Judy Hagey

Nonfiction Editor ~ Freelance Writer

Head toward the Hills

It doesn’t seem like it should be such a big deal whether you use toward or towards in a sentence like this: Joe waved to his mom and headed toward the school bus. Or:  Joe waved to his mom and headed towards the school bus. The difference is one of several between American English (AmE) […]

Dishing on Dis

Ever since I discovered that ruth, meaning compassionate or merciful, was an antonym for ruthless as well as a woman’s name I’ve been on the lookout for other words with little-known or rarely-used roots. As it turns out, there are quite a number of words with the prefix dis that have little or an obsolete […]

Predominately predominates

In Twelve Years a Slave, Solomon Northrup writes about his wife’s mixed blood ethnicity, “It is difficult to tell whether the red, white, or black predominates.” Were Bryan Garner (A Dictionary of Modern American Usage) to have edited Northrup’s work, he would have been just as likely to write, “It is difficult to tell whether […]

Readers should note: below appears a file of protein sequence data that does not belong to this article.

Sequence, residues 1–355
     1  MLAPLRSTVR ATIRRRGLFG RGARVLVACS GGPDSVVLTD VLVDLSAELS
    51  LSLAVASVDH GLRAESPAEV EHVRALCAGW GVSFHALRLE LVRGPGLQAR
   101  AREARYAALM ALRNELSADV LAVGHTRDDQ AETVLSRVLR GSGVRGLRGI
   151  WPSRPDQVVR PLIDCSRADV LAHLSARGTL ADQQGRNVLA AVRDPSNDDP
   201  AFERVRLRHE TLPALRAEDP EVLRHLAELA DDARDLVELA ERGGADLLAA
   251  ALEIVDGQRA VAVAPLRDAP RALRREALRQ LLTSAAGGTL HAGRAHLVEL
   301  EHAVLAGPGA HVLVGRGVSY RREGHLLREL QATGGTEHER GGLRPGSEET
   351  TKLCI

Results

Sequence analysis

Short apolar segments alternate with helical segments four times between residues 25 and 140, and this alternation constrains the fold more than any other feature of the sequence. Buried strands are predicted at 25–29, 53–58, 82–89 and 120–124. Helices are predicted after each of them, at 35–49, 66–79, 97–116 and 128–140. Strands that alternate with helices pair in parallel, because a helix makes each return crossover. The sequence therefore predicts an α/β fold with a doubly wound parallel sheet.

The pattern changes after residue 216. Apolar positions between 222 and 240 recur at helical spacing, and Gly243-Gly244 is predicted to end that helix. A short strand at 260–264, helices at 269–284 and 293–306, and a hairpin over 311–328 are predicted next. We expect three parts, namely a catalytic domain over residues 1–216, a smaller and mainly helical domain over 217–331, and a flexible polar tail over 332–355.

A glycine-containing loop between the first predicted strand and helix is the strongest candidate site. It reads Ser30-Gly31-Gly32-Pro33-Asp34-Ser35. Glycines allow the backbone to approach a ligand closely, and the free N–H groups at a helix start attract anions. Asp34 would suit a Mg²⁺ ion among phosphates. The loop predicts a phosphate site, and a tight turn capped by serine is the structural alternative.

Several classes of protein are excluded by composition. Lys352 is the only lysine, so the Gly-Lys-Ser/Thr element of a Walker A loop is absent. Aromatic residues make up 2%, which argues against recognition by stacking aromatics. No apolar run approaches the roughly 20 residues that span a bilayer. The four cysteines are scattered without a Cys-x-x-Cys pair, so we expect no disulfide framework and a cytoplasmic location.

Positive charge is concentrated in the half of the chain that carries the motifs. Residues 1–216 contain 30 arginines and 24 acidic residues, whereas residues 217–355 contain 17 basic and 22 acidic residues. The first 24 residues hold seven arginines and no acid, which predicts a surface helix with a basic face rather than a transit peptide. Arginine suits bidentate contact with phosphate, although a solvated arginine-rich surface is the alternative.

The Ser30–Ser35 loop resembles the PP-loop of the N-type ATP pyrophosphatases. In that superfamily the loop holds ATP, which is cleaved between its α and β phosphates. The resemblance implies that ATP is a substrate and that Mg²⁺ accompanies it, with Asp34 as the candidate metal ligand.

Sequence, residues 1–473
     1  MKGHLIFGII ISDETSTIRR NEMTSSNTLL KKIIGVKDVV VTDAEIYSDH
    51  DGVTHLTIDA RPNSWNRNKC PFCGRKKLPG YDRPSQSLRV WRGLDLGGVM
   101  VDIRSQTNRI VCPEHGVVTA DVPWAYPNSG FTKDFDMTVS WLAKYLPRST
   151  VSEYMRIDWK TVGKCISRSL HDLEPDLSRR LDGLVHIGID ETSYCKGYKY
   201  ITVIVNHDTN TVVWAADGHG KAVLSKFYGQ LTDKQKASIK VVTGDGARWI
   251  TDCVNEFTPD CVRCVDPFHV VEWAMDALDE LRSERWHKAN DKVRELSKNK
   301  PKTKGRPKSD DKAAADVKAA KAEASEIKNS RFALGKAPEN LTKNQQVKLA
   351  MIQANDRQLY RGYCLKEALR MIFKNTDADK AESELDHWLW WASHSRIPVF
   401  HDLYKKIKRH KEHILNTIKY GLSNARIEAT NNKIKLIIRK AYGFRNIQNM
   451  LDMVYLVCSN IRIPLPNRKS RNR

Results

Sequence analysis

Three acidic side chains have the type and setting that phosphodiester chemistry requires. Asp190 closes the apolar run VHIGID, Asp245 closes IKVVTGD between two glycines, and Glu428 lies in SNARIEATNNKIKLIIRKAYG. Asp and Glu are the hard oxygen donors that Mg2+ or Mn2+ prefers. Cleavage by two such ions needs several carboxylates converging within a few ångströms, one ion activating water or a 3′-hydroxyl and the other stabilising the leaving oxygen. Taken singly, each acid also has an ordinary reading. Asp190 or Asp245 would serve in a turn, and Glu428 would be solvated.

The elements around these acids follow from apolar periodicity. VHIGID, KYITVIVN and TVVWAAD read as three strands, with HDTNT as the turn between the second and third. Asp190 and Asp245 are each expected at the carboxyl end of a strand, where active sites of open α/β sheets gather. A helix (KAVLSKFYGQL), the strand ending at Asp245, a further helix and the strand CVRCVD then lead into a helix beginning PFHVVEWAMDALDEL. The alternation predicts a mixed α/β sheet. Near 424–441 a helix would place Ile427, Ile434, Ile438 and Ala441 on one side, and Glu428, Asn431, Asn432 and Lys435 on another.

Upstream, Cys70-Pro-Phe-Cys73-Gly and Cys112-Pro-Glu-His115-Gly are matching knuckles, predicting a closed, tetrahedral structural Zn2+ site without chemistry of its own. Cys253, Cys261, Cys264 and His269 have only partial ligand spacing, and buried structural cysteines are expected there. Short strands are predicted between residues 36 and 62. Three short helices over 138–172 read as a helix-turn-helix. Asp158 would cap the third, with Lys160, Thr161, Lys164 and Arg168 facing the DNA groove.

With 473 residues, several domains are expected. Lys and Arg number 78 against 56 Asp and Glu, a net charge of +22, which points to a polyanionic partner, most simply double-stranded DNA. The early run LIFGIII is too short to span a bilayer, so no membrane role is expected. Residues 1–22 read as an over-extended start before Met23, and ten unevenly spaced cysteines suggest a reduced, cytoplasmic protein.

Word of the Week – limelight

Awards season is about to begin. The Golden Globes airs Sunday. The NFL crowns a champion in a few weeks, and in March we get the Oscars. All these events put folks in the spotlight. The original spotlight was technically a limelight, also called a Drummond light or calcium light. The source of light was […]

Can We All Just Agree?

I think we can all agree that subjects and verbs need to agree with one another. A singular subject takes a singular verb. Nancy is the school librarian. Plural subjects take plural verbs: Nancy and Ned are friends. But we don’t always write with such simple subjects. What is the correct verb form in these […]